This study also indicates that illiteracy is also related to late commencement of HIV treatment, which is in accordance with prior studies [4, 12, 25, 27, 35]. This could be because illiterate patients have less knowledge about HIV, including risk factors, detection, prevention, management, and prognosis. They have less contact with print media, less involvement in HIV-related workshops, and less communication with other people.

Our study also found an association between CD4 count and late onset of HIV treatment. The relationship between delayed onset of HIV treatment and high CD4 count can be explained by the fact that many asymptomatic PLHIV feel themselves to be healthy. As a result, they suppose that they can delay HIV treatment until the emergence of symptoms [24]. In addition to social factors, awareness and implementation of the WHO guidelines regarding HIV treatment are very important for timely initiation of ART. Initiation of ART, irrespective of CD4 count, is not only important for reducing HIV transmission but also significant for PLHIV who have poor access to services and high loss to follow-up after diagnosis [13]. However, in Pakistan, the new guidelines are still not being followed. There is a need to adopt the WHO’s new guidelines on the timing of onset of HIV treatment [13, 14].

Furthermore, in the present study, occasional household income was related to delayed onset of ART. Similar results are seen in previous studies conducted in the USA [10, 36] and India [12]. Patients with fewer financial resources spend less money on their treatment, such as paying for medicines and regular visits to their HIV management centre. PLHIV with low socio-economic status usually seek healthcare from government hospitals. Previous research has also highlighted that PLHIV diagnosed at government testing centres or health facilities were more likely to present late for HIV care than those diagnosed at a private hospital [34]. People with low socio-economic status are less likely to receive HIV testing and care from private facilities due to the high cost, so they only engage in care when they develop symptoms [34]. Additionally, not all HIV/AIDS-related health services are available in government facilities in Pakistan and patients need to pay out of their own pockets for some services [15, 33]. Pakistan lacks a health insurance system, which has also resulted in low engagement with HIV care and late initiation of ART [34].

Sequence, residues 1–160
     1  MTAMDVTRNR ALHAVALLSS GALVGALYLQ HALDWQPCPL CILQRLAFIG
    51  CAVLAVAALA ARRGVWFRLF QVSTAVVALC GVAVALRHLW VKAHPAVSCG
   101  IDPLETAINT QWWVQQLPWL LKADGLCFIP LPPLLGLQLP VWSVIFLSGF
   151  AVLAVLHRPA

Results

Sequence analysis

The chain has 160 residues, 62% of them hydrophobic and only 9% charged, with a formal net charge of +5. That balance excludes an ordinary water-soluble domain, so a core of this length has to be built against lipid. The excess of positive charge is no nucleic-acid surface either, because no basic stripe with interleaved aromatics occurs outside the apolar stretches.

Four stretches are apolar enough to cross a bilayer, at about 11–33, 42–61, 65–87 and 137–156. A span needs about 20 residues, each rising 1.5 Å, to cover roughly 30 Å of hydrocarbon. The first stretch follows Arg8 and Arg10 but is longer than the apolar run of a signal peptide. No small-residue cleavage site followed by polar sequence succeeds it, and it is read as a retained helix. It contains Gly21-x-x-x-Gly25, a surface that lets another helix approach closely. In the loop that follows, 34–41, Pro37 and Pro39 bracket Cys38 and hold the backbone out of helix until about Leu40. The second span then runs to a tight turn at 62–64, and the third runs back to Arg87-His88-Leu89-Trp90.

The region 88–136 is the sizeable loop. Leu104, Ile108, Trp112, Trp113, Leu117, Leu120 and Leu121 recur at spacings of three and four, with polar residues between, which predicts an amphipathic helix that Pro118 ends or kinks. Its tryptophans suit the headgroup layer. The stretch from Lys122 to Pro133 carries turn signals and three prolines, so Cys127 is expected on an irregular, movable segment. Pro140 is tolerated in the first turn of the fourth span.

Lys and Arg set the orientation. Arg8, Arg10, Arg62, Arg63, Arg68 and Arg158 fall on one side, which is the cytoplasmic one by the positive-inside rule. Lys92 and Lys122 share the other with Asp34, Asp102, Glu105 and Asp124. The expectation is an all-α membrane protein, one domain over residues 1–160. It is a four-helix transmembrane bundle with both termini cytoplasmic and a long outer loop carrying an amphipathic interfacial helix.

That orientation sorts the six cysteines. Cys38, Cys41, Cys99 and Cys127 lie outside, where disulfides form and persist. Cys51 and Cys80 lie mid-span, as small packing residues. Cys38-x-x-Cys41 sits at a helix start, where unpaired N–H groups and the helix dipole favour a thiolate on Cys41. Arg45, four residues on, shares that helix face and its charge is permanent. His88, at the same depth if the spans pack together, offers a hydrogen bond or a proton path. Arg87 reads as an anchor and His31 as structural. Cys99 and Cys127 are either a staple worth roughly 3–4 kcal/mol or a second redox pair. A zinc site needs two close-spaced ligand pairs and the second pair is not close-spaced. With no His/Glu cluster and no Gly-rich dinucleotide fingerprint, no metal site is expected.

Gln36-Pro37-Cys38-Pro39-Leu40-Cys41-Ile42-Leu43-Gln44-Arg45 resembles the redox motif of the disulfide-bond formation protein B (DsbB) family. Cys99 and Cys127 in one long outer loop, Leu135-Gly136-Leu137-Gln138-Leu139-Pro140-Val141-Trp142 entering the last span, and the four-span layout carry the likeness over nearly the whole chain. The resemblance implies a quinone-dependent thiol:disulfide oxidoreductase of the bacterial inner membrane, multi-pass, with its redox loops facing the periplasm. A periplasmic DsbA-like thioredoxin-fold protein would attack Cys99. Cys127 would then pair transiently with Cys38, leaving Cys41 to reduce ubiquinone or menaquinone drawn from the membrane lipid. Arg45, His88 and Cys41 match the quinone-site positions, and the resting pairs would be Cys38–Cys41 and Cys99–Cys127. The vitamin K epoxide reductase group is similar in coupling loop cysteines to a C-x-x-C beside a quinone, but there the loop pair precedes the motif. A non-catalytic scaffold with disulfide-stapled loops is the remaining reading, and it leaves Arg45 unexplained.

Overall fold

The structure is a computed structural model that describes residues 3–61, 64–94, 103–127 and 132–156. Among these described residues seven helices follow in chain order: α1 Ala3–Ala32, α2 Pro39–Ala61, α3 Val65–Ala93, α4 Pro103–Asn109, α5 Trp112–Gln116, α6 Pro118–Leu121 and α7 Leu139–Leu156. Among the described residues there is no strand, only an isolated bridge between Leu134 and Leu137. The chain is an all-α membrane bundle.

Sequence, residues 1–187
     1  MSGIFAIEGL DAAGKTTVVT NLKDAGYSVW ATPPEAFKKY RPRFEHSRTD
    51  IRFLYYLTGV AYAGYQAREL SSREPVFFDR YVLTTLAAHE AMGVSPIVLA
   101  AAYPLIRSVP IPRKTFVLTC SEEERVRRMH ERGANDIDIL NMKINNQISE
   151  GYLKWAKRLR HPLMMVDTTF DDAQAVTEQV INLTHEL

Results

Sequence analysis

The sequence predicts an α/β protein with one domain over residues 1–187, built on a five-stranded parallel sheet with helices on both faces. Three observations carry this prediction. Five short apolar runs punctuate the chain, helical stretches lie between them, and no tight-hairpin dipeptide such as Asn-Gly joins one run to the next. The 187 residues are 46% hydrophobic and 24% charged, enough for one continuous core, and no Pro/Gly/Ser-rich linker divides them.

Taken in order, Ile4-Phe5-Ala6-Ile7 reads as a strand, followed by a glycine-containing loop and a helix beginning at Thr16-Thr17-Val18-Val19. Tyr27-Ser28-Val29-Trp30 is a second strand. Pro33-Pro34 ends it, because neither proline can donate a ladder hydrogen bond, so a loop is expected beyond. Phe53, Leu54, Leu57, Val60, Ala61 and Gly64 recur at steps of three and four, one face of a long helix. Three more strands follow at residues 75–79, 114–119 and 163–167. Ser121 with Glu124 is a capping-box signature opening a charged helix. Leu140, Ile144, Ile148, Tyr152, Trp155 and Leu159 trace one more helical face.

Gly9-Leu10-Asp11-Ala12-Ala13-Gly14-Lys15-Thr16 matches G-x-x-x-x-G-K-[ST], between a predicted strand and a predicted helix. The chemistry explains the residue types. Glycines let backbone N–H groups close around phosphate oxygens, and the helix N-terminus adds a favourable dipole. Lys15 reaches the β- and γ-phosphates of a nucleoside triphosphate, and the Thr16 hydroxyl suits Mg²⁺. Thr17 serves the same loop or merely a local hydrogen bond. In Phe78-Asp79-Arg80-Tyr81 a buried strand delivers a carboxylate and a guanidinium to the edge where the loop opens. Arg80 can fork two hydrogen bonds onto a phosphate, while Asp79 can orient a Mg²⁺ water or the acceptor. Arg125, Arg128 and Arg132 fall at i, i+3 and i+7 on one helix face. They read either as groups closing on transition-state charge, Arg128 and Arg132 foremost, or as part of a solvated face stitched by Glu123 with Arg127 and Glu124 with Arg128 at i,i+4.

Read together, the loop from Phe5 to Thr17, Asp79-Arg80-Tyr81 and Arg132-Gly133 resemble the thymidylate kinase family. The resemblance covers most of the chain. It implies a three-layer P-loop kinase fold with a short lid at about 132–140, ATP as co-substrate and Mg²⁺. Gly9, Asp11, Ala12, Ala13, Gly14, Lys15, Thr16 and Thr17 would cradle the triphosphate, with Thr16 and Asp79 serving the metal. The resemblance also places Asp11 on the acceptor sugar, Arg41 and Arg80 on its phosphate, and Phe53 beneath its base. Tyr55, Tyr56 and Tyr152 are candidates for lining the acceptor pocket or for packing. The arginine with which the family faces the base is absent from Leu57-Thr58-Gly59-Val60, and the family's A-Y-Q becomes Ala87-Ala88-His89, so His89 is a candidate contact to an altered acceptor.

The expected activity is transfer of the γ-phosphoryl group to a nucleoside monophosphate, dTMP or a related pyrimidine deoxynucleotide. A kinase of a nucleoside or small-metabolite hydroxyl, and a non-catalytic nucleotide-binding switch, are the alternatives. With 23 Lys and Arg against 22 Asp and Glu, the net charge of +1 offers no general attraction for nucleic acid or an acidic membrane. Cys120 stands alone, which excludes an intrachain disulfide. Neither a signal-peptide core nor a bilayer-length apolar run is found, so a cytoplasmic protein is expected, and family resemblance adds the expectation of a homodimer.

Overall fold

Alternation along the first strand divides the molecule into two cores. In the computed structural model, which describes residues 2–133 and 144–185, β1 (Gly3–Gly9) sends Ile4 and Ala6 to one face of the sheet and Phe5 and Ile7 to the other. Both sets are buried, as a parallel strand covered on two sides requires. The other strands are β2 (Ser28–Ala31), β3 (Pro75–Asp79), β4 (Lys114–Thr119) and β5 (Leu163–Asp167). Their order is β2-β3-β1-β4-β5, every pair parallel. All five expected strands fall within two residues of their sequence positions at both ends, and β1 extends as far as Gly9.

Limitations and strengths

Our research findings cannot be applied to the entire Pakistani population because we only included those HIV-positive individuals who came to visit HIV clinics in selected hospitals in Lahore for HIV treatment. Our research questionnaire does not include details about factors like self-medication or the nature of a participant’s occupation, although this is presumably associated with late onset of HIV treatment. A sufficiently large sample size has been included, which helped in controlling the confounders and also identified potential risk factors for delayed onset of HIV treatment. Despite these limitations, our study has considerable strengths. Face-to-face interviews were carried out by the first author himself to collect the data, therefore an improved quality data was collected for this study.

Conclusions

Our study results show that delayed onset of HIV treatment in Pakistan is common. Factors such as occasional household income and no schooling were significantly correlated with delayed initiation of ART. The main reasons for the late onset of HIV treatment were feeling healthy and not having symptoms, not having time to go to an HIV treatment centre, lack of willingness to discuss their HIV test result, and fear of stigma and discrimination within their community.

An integrated, multidisciplinary, comprehensive, and patient-focused approach is needed to promote the well-timed initiation of HIV treatment in order to reduce both HIV transmission and mortality. HIV management centres should counsel and monitor patients from the time of a positive HIV test result until they initiate treatment.

Availability of data and materials

The data is available from the corresponding author upon on reasonable request.

Abbreviations

AIDS:

Acquired immunodeficiency syndrome

AOR:

Adjusted odds ratio

ART:

Anti-retroviral treatment

CD4:

Cluster of differentiation 4

CDC:

Centers for Disease Control and Prevention

CI:

Confidence interval

FSW:

Female sex worker

HIV: